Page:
The inmates’ time in jail “might not be the highlight of your life,” instructor Bonnie Rose told the graduates, “but you had the courage to show up here and do something for yourself. I would feel really proud about the accomplishment.”
The inmates who earned their GED diplomas donned caps and gowns and ate cake during the ceremony in a jail classroom. The graduates said they hope to better their lives after their release.
“I am proud of myself to say, ‘Hell yeah, I finally did it,’” said inmate Rachel Panek. Panek added that she had been trying to earn her GED certificate for seven years before taking classes at the jail. “If I can do it, anyone can. Just have a little faith in yourself and you too will graduate.”
Thurston County Chief Corrections Deputy Todd Thoma said the program, co-sponsored by South Puget Sound Community College, is a win-win. Taxpayers reap the rewards and cost savings of reduced recidivism rates for inmates who further their educations, he said. And the inmates get a diploma – an accomplishment that gives them a better chance of finding a job, continuing their education and not winding up back in jail.
Said inmate Michael Janes, “This GED will be a big help as I go in the direction of a new life.”
Thoma also offered words of encouragement to graduates during the ceremony.
“Be proud of yourself,” he said. “This is a huge accomplishment for the environment that you’re in. You are an inspiration to me and I wish you nothing but luck.”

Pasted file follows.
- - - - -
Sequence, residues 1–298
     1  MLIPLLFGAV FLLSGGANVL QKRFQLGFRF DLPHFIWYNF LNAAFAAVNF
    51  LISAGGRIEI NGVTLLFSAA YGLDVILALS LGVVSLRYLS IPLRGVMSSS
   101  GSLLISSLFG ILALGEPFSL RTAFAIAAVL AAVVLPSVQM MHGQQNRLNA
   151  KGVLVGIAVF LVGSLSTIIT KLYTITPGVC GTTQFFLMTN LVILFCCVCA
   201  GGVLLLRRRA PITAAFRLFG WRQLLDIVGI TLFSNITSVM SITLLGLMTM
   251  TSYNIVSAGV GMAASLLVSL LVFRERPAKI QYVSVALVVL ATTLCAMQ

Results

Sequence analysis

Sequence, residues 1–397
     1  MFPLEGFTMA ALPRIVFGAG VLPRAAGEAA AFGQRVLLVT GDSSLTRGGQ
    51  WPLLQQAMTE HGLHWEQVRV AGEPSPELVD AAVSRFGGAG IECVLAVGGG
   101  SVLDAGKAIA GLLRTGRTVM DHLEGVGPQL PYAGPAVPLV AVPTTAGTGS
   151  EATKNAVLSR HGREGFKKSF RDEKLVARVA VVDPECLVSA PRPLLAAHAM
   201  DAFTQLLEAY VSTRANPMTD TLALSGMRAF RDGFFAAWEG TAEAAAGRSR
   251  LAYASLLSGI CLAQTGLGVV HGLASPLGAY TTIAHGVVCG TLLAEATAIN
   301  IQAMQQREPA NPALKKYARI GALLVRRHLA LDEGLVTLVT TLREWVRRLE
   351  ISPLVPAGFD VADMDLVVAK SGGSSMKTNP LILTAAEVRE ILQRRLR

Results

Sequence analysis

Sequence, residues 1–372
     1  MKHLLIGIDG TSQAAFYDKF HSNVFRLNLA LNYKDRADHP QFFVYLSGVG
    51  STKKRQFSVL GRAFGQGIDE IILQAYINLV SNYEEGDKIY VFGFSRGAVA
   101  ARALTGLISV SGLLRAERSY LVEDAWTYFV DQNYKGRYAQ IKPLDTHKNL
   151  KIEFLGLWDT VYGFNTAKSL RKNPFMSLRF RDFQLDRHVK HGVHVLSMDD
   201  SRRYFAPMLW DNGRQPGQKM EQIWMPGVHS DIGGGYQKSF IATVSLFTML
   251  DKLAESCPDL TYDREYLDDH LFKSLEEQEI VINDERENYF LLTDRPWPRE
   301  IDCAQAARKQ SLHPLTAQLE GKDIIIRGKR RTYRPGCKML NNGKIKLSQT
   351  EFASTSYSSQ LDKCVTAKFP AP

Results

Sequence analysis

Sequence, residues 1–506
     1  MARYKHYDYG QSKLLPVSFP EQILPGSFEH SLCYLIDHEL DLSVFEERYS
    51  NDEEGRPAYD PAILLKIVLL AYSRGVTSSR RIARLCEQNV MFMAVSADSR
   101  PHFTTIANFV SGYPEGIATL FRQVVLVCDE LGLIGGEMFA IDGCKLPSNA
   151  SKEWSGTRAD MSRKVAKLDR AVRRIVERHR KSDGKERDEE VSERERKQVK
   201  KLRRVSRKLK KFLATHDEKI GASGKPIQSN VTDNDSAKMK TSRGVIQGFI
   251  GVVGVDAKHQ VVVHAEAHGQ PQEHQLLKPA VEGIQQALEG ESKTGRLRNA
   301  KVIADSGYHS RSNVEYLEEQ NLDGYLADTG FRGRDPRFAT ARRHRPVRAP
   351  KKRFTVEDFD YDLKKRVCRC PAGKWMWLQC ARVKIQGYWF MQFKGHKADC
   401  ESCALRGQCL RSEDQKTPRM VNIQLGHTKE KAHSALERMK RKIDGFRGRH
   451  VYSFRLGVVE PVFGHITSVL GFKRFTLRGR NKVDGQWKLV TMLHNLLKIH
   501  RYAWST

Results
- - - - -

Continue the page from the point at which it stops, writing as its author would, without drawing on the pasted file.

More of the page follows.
Inmate Torry Holly said he has already been admitted to SPSCC after completing his General Educational Development tests at the jail. He said he hopes to complete a degree in culinary arts. He said the program also helped him complete a financial aid package.
“It’s worth it,” Holly said of the program, which is taught by Rose, an instructor at SPSCC. “I get to accomplish something, and I leave here better than when I came in.”
Rose said the program was established in 1996. Since then, almost 500 inmates have received their GED certificates while incarcerated, and another 250 inmates received their GED certificates after their release.
Rose, who cut a cake for the graduates after the ceremony, said teaching the program is a pleasure, because the inmates want to learn and take the classes seriously.
“I’m just so appreciative being in this role where people cooperate with each other to make good things happen,” Rose said. “It’s good for the community and it’s good for the people who benefit from it.”
Mark Kenney, an SPSCC employee who administers the program, said that inmates score as well or better than people who take the GED tests who are not incarcerated.
Thurston County Sheriff John Snaza and SPSCC President Gerald Pumphrey also congratulated the graduating inmates.
“I commend you for the obstacles that you’ve overcome,” Snaza said.
Snaza said after the graduation that the program would not be possible without the support of the Thurston County Commission. The program is paid in part by a treatment sales tax, Snaza said.Jeremy Pawloski: 360-754-5445 firstname.lastname@example.org